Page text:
Kofi Annan who served as the seventh Secretary-General of the United Nations is Chair of the Africa Progress Panel.
In Côte d’Ivoire, children carry backpacks to school with built-in solar panels. When they get home, they plug the panels into lamps so they can do their homework.
On the other side of the continent, rural households pay as little as 50 cents a day for solar electricity systems that power three lights, five phone-charging connections and a radio.
Across Africa, these and many other ingenious solutions are helping to meet the continent’s huge energy needs much faster than conventional means.
That speed is critical. Africa’s energy needs are not only huge, they are also urgent. Day after day, the continent’s lack of modern energy is holding back economic growth, job creation, sustainable agriculture, health and education.
The challenge for governments, their development partners and the private sector is how to electrify millions of African households, remote communities and small-scale entrepreneurs as quickly as possible. To meet that challenge, countries need to consider every available option, including off-grid household systems and mini-grids as well as the national grid.
It’s a huge task. But we know it can be done – because it’s happening already, as we show in Lights, Power, Action: Electrifying Africa, a new report released this month by the Africa Progress Panel, which I chair.
Many countries have set ambitious targets for increasing energy access or for advancing other elements of the energy transition. Governments are amending electricity laws and improving regulatory frameworks, clearing a path for investors. Independent power producers are increasing the involvement of the private sector and showing how to scale up renewable power generation capacity.
On-grid solutions will always form the base of energy supply in Africa. But African countries grappling with limited financial resources, weak energy planning and rapid economic growth each need to choose the mix of energy technologies that will increase access fastest while offering the best value for money.
New technologies and systems offer promising ways to close Africa’s energy gap more quickly than would be possible by relying on grid connections alone. Off-grid solar power and mini-grids have vast potential to advance access to electricity in Sub-Saharan Africa.
Off-grid solar products can act as rungs on an “energy ladder”, providing a range of energy services to households and enterprises with different energy needs and incomes. Families can take advantage of innovative pay-as-you-go schemes, often using mobile phones, to move from solar lighting to small systems that power several household appliances.
Community services such as schools and health clinics can also be powered using off-grid solar energy, which can also improve the productivity of farms and small companies. Technological innovation means that mini-grids can also offer sustainable permanent alternatives to connecting to the grid, especially as reliable and affordable products come on-stream that are attractive to small and medium-sized enterprises operating far from the national grid.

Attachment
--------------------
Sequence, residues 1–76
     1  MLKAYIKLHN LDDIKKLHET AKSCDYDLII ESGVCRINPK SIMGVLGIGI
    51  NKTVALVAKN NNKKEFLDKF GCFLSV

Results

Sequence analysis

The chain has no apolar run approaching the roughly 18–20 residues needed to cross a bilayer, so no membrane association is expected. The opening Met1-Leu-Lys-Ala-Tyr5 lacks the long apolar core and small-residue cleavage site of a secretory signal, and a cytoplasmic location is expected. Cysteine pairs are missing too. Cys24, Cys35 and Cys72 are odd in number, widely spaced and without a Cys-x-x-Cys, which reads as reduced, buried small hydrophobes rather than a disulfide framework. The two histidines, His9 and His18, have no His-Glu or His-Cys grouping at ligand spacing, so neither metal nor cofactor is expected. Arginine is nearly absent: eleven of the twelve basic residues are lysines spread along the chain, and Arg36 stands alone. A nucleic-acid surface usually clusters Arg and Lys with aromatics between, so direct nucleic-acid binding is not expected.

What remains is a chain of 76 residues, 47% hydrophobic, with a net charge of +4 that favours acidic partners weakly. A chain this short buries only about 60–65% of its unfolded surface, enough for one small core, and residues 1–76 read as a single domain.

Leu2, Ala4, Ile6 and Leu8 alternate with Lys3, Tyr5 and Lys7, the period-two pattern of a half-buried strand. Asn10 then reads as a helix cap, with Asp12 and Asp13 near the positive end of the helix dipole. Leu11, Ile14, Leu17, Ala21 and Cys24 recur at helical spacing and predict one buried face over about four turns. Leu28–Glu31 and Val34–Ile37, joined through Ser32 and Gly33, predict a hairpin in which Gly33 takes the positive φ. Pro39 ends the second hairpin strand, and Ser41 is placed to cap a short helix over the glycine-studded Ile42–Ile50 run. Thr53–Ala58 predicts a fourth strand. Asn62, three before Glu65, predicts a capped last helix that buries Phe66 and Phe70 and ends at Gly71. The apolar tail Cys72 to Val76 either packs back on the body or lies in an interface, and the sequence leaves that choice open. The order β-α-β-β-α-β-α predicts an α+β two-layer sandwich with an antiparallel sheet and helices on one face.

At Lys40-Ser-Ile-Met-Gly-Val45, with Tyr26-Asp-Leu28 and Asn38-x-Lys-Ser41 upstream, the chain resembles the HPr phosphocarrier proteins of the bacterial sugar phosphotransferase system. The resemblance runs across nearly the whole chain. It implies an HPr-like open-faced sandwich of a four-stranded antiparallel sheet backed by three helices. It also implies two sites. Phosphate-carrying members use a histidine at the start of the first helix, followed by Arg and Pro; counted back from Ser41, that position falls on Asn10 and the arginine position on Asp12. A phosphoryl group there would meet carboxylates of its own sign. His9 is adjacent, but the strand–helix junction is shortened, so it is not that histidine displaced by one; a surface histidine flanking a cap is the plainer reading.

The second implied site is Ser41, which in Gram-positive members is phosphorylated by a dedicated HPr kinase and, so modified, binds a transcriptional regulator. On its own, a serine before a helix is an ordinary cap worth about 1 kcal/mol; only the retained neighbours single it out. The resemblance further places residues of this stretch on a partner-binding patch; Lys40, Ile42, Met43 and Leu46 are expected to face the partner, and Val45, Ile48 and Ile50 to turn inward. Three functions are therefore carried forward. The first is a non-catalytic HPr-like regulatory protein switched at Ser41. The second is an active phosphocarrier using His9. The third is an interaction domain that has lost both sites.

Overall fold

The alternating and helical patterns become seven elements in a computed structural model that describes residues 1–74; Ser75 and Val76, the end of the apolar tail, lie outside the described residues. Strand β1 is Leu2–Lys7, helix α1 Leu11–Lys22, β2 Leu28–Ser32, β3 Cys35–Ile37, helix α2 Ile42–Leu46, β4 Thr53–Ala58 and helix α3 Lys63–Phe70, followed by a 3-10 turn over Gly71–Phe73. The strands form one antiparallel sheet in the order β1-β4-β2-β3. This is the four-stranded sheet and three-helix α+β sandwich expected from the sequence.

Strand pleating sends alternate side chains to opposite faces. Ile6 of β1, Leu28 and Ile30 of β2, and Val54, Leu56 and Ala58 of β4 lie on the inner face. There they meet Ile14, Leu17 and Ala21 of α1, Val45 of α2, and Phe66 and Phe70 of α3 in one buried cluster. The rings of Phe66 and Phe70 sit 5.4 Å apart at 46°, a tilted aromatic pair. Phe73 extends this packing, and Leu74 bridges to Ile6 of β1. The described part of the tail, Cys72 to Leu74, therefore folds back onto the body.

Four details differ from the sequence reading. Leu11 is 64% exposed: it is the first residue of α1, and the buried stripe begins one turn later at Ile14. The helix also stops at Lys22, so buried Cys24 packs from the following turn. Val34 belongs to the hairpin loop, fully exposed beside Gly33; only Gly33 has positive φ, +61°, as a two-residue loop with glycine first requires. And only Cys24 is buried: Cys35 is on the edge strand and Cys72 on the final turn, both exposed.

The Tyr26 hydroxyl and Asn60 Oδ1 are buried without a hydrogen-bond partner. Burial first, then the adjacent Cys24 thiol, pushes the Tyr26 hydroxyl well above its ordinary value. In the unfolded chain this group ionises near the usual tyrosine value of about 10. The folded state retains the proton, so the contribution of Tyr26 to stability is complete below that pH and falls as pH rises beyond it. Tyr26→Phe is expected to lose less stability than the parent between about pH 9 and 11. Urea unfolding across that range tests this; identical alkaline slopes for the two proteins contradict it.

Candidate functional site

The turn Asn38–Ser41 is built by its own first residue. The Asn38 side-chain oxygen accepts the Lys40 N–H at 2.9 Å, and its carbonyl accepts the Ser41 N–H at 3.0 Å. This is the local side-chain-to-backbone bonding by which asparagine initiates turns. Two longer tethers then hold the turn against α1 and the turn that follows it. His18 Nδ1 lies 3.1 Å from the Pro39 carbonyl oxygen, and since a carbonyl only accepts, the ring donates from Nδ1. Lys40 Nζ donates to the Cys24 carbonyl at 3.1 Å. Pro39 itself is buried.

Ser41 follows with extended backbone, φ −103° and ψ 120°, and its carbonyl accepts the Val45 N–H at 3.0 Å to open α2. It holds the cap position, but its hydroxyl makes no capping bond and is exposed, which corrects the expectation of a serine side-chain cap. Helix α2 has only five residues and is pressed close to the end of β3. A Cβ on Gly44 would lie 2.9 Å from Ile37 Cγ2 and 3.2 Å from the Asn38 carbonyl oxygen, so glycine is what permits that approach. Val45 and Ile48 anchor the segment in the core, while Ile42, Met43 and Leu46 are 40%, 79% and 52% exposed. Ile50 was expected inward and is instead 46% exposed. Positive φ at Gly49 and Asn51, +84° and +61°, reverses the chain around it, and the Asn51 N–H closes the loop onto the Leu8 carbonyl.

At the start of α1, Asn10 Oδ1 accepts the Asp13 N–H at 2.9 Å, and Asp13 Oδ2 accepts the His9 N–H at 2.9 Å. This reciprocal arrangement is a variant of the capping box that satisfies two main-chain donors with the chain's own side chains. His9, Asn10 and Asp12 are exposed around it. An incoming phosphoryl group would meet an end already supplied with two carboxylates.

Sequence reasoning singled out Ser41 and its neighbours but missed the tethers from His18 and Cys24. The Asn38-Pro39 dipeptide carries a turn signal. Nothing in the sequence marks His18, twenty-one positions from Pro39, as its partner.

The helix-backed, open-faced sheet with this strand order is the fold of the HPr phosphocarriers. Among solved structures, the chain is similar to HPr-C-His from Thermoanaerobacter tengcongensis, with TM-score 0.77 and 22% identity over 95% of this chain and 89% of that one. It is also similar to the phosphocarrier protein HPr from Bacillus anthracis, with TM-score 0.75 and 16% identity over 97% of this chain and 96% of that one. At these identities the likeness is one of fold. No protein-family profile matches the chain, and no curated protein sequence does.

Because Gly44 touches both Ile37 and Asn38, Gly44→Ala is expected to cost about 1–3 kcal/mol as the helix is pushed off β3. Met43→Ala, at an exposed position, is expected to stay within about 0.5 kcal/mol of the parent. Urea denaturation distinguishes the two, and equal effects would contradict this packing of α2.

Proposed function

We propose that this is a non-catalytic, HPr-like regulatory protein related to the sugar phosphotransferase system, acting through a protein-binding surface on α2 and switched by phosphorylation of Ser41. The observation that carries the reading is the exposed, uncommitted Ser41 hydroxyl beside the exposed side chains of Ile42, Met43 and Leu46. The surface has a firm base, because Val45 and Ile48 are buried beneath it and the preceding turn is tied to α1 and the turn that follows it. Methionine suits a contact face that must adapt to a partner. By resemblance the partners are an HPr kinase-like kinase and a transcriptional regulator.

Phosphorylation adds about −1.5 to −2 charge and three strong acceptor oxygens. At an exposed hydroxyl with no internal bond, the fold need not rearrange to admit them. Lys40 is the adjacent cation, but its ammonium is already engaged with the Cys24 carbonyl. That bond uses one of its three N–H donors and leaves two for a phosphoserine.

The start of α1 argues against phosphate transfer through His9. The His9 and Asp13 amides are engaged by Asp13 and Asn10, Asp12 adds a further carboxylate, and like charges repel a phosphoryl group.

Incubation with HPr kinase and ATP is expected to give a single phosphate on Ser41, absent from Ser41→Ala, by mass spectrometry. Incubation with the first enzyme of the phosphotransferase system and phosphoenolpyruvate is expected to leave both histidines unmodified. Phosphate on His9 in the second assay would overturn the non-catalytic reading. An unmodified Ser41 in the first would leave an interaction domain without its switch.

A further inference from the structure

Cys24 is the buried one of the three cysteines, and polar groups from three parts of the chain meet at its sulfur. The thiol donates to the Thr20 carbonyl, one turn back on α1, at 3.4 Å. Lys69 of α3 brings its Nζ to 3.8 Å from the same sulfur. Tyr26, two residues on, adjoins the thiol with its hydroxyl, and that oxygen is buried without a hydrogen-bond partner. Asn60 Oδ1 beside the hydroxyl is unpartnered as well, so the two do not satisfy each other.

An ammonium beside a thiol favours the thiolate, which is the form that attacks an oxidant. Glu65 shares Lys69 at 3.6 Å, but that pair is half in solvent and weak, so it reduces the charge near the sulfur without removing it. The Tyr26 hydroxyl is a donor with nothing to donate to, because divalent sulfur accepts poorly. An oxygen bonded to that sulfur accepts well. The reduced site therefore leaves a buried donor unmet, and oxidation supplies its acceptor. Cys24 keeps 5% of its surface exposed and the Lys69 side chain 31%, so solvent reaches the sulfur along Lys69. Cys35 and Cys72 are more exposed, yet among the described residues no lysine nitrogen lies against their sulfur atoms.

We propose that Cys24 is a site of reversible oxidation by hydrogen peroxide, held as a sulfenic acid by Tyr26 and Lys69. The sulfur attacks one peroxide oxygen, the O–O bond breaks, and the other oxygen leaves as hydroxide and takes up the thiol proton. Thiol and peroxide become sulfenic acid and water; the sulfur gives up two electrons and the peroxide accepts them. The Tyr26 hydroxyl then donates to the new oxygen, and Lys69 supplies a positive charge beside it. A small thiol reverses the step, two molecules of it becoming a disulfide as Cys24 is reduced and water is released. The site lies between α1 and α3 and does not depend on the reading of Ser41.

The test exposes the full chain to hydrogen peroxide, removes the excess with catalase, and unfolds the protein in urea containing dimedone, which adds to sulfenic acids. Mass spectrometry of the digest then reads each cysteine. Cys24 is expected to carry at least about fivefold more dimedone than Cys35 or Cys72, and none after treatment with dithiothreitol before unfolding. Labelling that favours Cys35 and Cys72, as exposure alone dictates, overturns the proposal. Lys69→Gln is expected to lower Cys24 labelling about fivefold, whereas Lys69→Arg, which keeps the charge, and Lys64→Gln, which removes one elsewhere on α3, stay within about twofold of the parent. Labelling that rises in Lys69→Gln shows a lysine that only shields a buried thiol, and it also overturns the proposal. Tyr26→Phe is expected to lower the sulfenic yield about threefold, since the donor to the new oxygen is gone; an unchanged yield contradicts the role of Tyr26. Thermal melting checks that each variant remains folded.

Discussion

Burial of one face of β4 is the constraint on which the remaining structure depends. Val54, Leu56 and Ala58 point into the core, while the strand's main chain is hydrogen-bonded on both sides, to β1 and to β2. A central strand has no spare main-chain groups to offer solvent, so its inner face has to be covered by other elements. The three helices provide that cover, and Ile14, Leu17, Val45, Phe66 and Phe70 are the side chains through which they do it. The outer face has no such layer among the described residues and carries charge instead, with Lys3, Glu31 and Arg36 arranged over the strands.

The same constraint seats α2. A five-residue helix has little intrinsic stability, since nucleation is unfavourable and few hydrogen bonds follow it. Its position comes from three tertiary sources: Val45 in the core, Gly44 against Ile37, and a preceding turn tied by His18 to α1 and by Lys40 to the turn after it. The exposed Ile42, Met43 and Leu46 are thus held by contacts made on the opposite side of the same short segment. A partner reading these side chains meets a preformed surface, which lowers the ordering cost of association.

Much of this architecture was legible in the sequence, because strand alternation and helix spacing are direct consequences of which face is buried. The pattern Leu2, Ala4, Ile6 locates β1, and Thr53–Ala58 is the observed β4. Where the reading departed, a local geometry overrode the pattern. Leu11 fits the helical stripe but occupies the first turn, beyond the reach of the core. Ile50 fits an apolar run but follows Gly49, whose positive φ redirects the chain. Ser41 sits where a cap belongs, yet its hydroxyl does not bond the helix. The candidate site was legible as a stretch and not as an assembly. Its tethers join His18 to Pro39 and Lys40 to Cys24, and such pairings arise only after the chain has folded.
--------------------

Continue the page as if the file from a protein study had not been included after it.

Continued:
Off-grid and mini-grid power has a crucial role to play in meeting the three great energy challenges that African governments face: providing all their citizens with access to secure and affordable energy; building the energy infrastructure needed to drive inclusive growth and create jobs; and limiting carbon emissions.
To make that happen, African governments need to support the development of an enabling environment through which companies can enter energy generation, transmission and distribution markets, climb the value chain, and build the investment partnerships that can drive growth and create jobs.
To tap the potential of new energy technologies, African governments need all the support they can get. Bilateral and multilateral donors have pledged billions of dollars to Africa’s energy transition, but little of that money is moving yet. Donors need to realize that Africa’s energy imperative is urgent.
As well as opening up the continent to the radical possibilities of off-grid and mini-grid technology, African governments have a vital task to undertake, one that goes to the heart of the continent’s energy problems: fixing national energy grids that are unreliable and financially fragile.
Many energy utilities suffer from mismanagement and inefficiency. A lack of accountability and transparency nurtures corruption. These are serious and persistent problems, yet they are solvable, as many countries are demonstrating. Governments are showing leadership. But they need support to put in place the integrated plans and policies that can scale up Africa’s energy transition.
On-grid and off-grid, we have the technologies that Africa needs to bring energy to everyone. Let’s get to work.
BY KOFI ANNAN